Keffiyehs, Yarmulkes and “Belonging” at UVA

by James A. Bacon

It’s “Palestinian Liberation Week” at the University of Virginia this week, and the Students for Justice in Palestine have organized loads of activities for antizionists, culminating with a “Die-In for Gaza” Friday.

“Wear your keffiyeh,” urges UVA’s Students for Justice in Palestine on its Instagram page. Keffiyehs are traditional Arab scarfs, which students wear to signal their solidarity with Palestinians seeking to combat “settler colonialism” in Israel.

Meanwhile, Jewish students have stopped wearing yarmulkes, Stars of David or other ornamentation that would identify them as Jews.

What does that dichotomy say about the sense of “belonging” — the holy grail of the Ryan administration — experienced by Arabs and Jews respectively at UVA?

The Jefferson Council has highlighted fears of parents of Jewish students who have spoken most openly about the hostile climate. We acknowledge that these parents do not speak for all Jews. The president of UVA’s SJP chapter, for instance, is a Jew. Many left-wing Jews have major reservations about Israeli policy toward Gaza and many oppose the conservative coalition in the Knesset headed by Benjamin Netanyahu.

Those differences are mirrored in the Jewish community at UVA. There is a marked division, for instance, between the Hillel House and the Chabad House. As a generality, Hillel House caters to more liberal/progressive students while Chabad appeals to more theologically and politically conservative students.

Five students speaking as representatives of Hillel House wrote a letter on April 3 to the Board of Visitors decrying what they call “concerted efforts to exploit Jewish students as pawns for political agendas.” The letter didn’t name names, but we’re pretty sure it refers to The Jefferson Council and/or certain Youngkin-appointed members of the Board.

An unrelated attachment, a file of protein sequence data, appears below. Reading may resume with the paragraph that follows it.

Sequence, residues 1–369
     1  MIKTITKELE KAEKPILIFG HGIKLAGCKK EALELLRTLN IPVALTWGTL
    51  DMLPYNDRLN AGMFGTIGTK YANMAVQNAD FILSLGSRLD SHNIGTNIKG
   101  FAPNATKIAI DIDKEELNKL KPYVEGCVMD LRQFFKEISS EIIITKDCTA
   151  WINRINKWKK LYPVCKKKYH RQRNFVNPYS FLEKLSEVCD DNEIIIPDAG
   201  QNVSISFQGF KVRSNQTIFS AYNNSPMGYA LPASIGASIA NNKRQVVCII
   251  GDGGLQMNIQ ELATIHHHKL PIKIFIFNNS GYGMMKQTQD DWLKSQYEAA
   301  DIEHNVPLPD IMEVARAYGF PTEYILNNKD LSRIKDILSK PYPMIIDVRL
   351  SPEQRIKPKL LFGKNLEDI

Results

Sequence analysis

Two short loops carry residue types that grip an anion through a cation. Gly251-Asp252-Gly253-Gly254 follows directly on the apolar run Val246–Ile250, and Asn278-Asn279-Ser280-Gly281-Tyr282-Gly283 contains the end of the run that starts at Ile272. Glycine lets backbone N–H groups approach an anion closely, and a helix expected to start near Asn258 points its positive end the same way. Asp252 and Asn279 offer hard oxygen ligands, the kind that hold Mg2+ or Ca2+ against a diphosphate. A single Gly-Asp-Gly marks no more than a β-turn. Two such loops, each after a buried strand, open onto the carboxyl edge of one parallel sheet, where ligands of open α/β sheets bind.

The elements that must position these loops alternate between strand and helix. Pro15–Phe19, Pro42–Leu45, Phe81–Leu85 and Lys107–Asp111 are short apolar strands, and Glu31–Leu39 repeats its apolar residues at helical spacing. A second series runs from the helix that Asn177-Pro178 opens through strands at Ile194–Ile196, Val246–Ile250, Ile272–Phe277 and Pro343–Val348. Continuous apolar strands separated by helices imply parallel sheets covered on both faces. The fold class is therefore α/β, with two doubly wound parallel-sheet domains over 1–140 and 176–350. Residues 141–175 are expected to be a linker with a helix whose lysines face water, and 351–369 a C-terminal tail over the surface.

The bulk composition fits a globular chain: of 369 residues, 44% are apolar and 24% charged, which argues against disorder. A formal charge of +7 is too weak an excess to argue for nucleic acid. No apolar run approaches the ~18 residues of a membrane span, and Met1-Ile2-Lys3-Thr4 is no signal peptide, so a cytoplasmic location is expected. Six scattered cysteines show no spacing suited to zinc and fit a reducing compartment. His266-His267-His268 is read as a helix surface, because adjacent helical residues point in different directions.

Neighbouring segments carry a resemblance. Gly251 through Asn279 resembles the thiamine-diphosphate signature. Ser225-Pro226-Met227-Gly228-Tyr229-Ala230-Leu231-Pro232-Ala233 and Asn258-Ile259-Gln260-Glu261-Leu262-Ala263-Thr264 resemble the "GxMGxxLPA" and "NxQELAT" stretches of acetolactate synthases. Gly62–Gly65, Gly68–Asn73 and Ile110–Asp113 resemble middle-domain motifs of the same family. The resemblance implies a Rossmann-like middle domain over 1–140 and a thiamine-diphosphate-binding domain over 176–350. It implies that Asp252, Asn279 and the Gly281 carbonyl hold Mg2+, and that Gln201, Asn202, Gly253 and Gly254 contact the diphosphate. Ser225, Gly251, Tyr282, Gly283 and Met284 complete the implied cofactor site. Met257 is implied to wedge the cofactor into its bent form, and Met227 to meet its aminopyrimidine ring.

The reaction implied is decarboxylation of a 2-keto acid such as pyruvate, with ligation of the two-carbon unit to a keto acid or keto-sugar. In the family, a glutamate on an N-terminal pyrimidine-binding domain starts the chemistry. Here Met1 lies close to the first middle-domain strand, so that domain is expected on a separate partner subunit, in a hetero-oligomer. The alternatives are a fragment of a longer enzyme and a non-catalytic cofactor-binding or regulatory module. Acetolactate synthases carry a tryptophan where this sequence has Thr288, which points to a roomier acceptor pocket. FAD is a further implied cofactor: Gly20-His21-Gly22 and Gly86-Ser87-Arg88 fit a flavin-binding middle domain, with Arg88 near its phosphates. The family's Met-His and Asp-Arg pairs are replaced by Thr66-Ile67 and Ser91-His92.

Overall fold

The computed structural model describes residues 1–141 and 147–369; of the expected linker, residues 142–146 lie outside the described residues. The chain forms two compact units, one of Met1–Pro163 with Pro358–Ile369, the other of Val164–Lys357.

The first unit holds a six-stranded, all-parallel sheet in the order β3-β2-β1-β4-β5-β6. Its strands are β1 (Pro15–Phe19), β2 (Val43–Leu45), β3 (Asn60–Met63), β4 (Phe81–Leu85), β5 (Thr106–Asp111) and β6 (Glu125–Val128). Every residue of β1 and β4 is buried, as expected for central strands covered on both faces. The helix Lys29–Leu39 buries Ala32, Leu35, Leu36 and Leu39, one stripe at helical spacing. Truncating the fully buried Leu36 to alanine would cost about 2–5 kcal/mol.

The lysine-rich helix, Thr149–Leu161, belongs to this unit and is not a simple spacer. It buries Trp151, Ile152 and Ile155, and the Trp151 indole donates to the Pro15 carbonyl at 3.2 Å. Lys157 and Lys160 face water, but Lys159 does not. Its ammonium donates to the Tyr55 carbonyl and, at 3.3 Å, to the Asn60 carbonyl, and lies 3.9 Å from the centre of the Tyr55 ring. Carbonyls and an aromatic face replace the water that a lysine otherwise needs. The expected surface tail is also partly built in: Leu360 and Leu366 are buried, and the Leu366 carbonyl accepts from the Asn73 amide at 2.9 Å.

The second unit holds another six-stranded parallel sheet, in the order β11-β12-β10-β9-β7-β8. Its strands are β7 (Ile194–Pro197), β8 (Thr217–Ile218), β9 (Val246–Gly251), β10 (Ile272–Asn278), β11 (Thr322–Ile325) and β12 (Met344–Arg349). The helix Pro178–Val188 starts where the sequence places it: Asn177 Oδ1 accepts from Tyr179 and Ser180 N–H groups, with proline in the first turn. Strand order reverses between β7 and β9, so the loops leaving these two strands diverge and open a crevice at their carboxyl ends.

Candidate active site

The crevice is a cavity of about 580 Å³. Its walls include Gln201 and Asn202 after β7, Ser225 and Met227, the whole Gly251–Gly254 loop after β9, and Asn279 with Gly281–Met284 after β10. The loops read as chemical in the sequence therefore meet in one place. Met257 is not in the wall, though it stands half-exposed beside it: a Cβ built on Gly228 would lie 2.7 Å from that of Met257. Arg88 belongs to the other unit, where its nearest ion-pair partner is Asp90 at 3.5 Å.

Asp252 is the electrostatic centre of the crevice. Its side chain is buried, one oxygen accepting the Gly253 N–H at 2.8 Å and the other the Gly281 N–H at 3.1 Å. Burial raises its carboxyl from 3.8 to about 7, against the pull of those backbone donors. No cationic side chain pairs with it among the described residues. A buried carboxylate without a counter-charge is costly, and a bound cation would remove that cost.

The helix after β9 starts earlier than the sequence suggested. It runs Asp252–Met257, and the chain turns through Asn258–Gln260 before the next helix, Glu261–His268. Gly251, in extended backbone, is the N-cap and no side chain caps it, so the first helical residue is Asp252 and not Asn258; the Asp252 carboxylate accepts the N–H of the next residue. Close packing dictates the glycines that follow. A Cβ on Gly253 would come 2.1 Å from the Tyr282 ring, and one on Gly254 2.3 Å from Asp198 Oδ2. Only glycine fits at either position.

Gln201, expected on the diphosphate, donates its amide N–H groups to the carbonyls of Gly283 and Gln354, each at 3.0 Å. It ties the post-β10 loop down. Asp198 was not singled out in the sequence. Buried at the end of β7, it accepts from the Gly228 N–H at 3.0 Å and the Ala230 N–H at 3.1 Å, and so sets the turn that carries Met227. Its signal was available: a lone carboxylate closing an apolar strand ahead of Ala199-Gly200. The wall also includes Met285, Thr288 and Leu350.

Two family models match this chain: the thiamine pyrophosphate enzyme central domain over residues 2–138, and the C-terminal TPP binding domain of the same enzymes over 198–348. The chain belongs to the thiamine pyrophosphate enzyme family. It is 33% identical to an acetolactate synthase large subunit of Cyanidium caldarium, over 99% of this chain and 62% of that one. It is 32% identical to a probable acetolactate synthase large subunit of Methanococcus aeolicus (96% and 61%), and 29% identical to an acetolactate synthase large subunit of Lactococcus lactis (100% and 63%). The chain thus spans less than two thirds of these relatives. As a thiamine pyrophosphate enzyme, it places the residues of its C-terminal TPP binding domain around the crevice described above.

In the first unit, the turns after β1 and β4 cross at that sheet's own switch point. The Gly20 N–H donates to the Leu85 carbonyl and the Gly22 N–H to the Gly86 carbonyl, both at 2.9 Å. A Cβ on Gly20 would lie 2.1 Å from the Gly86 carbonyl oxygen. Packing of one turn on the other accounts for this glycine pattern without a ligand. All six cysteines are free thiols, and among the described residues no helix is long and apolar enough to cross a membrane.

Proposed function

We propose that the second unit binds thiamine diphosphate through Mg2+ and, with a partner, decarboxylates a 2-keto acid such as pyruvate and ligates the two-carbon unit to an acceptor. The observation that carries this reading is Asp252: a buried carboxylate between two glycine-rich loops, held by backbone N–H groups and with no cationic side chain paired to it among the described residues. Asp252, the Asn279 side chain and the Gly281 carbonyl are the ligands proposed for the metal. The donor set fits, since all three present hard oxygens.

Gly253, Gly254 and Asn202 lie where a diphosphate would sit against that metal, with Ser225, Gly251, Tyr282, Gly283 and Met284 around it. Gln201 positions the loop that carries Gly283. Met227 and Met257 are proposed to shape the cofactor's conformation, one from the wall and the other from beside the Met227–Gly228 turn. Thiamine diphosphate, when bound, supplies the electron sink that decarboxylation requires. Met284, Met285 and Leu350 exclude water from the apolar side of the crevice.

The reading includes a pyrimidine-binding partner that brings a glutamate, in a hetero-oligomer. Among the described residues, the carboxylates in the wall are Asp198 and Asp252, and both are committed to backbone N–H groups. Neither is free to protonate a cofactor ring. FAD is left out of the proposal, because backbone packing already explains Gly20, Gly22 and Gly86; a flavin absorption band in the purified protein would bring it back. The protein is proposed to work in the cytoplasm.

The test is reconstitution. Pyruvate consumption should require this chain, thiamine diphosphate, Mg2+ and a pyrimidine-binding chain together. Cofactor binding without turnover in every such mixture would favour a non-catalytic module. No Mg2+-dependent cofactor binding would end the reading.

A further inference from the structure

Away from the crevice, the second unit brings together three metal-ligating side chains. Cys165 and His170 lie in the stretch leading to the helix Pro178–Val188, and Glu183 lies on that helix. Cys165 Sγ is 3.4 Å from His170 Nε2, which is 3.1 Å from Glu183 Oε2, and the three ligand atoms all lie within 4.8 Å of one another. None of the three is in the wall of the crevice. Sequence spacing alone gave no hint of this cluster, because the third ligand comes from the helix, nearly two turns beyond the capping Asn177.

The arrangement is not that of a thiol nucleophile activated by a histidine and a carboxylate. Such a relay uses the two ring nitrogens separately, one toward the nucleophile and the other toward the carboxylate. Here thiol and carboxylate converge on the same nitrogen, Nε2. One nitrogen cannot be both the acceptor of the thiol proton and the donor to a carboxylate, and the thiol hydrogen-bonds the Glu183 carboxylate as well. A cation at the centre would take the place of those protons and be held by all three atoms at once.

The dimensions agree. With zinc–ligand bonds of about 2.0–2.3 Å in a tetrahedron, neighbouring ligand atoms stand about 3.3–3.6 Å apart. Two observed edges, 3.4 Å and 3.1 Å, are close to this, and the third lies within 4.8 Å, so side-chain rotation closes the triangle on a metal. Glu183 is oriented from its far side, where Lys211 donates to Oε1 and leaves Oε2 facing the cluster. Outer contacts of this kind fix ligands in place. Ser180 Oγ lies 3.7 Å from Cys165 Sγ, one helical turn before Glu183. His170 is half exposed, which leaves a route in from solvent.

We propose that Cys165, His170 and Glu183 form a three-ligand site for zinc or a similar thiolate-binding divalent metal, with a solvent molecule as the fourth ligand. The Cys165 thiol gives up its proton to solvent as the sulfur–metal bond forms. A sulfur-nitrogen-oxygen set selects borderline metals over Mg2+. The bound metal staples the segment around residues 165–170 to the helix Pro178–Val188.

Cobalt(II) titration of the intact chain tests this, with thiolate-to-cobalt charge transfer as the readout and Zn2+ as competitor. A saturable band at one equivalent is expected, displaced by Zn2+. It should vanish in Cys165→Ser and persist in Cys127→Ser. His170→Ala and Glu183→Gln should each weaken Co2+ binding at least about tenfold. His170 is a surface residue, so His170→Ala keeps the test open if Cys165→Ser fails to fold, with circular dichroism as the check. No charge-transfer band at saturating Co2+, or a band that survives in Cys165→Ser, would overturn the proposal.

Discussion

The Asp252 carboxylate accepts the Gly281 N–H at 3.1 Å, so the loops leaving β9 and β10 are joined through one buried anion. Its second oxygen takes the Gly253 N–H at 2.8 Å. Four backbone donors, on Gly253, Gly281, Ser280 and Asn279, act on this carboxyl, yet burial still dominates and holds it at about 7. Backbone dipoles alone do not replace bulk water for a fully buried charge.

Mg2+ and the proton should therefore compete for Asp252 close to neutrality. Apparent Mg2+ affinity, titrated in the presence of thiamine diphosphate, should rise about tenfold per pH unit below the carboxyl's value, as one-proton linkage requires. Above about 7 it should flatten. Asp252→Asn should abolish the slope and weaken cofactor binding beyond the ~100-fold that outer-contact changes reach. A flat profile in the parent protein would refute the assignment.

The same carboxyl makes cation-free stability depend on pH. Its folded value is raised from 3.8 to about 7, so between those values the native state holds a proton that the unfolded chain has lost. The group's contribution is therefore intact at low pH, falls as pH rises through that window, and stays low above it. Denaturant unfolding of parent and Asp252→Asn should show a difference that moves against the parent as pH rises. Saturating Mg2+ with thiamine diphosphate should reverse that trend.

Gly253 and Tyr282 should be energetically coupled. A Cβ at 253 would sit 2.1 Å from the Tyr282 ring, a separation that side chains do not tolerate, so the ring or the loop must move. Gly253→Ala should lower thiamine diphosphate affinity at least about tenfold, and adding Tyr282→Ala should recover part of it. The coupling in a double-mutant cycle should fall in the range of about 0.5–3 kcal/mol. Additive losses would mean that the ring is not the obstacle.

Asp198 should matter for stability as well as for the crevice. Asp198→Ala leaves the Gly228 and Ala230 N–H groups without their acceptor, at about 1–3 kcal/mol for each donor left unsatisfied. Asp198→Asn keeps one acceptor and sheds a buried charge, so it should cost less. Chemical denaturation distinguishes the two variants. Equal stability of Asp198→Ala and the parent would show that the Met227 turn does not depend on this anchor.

However, even these students conceded they were unhappy about passage of the student referendum calling for the University endowment to divest itself of companies doing business in Israel. More to the point, they said this in their letter:

There have been instances where we do believe that students and faculty have acted with ignorance and hate. We are of the opinion that this is a small, but vocal, contingent of the University community….

Although much of the speech at student protests and events do [sic] not fall into this hateful category, we still have watched protests unfold where the Star of David was used in a derogatory political manner and we have heard chants exclaiming that “Jews are committing genocide.” … This kind of speech is hateful and crosses a line.”

Despite these misgivings, the five Hillel students say they “remain grateful” for all that President Jim Ryan, Provost Ian Baucom and Cedric Rucker (a senior executive in the Office of Student Affairs) have done to promote the “safety and well-being of Jewish students.”

For the record, The Jefferson Council has never suggested that a vast majority of students and faculty have been anything but accepting and welcoming to Jewish students at UVA. But the campus climate is not determined by the passive majority — it’s driven by a vocal minority of militants who feel empowered to speak openly, organize rallies and events, flaunt their badges of pro-Palestinian identity, dish out ethnic slurs, and ostracize the few students who openly proclaim their Judaism.

Whatever UVA leadership might have said to people in private, their words and actions have been ineffectual in altering the reality that pro-Palestinian students feel comfortable wearing their badges of loyalty while most Jews have stopped wearing theirs.

James A. Bacon is executive director of The Jefferson Council. This column has been republished with permission from the Jefferson Council blog.